A heritage bridge
Construction of the Morpeth Bridge begins
The people of Morpeth held meetings as early as 1870 to debate the need for a bridge across the Hunter River connecting the agricultural lands of Hinton to the busy inland dock of Morpeth.
Advocacy by the local community led to the first tender being submitted, however debate over designs and finance delayed construction until 1896 when the first supporting cylinder was laid. Because iron and steel were expensive imports, a timber truss bridge design by Percy Allen (1861-1930) was used. It was constructed from local hardwoods that were much stronger than traditionally used imported pines.
The bridge is a two lane, three span structure supported by cylindrical cast iron piers and is the oldest of only three remaining overhead braced timber truss road bridges in service in NSW. Its three main truss spans are each 33.6 metres long and each of the 16 timber girder approaches is 10.7 metres long.
Records indicate that construction workers such as a Charles Crocker worked approximately 3,595 hours over a 21 month period for a wage of around £232.The beginning of works was attended by dignitaries and was just as ceremonial as the formal opening of the bridge.
The Morpeth Bridge opens in 1898
The official opening on Wednesday 15 June 1898 was attended by 800 schoolchildren and 1,500 other spectators who witnessed the new structure declared open by the Minister for Works, Mr J.H. Young, and Mayoress Mrs R Sim.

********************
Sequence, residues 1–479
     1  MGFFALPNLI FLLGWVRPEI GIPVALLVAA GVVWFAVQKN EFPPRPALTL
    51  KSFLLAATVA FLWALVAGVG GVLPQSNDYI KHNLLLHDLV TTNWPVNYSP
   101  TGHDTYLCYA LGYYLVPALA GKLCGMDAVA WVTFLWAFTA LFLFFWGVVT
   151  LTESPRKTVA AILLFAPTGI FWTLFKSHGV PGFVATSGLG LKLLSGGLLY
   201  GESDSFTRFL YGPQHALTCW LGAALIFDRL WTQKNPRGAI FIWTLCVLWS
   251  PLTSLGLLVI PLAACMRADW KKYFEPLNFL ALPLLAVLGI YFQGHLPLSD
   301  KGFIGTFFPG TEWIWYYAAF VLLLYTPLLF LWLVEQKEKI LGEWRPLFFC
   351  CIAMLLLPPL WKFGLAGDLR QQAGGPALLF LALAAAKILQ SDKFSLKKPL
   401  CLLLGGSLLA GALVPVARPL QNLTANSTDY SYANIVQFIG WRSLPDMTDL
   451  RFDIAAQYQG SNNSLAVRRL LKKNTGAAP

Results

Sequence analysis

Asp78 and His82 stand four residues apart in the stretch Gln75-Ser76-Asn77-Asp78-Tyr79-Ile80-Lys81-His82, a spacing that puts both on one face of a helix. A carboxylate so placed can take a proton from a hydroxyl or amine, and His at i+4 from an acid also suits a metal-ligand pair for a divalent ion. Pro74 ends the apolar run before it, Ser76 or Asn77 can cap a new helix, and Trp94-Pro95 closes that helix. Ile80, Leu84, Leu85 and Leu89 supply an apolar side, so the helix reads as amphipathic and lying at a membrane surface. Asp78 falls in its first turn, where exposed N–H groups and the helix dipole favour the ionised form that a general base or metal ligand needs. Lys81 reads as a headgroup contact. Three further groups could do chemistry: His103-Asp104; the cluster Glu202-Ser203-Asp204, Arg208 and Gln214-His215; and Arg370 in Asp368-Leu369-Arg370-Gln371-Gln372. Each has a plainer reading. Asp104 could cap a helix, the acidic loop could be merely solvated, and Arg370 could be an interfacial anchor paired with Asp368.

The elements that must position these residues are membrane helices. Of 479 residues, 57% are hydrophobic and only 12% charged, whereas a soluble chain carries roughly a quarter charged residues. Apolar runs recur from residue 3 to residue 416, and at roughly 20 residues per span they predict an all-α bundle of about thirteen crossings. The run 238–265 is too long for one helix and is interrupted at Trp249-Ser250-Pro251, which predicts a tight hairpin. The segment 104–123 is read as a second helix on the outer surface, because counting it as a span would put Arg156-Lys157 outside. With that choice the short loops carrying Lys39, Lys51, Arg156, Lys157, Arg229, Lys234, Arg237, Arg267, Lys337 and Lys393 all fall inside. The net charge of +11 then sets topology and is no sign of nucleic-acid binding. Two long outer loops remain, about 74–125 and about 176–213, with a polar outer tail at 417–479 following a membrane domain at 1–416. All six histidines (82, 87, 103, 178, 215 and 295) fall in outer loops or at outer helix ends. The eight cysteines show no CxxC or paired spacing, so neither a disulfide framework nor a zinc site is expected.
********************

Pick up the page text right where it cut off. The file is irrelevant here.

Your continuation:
While Morpeth Bridge provided an important link between the farms and the town, it also had the effect of reducing the use of Morpeth as an inland port as cargo was too big for the riverboats to carry under the bridge. The deeper water of Newcastle became preferable for river trade.
Centenary and beyond
June 1998 saw the centenary of the Morpeth Bridge and this impressive structure was celebrated with a range of re-enactments including a bridge walk of around 100 children, street parade and ‘opening’ ceremony. Strong community representation from the Morpeth community and descendents of the original bridge builders were present. The Minister for Public Works, Mr Ron Dyer performed the cutting of the ribbon.
However after 1998 some concerns for the longevity and safety of the bridge were being expressed
In 2010 a large rehabilitation project designed to save the historic bridge was carried out over a period of seven months, the work being completed in 2011.The timber approach spans, deck planks, kerb and handrail were removed and replaced for a total investment of around $17 million – a figure indicative of the scale and value of the work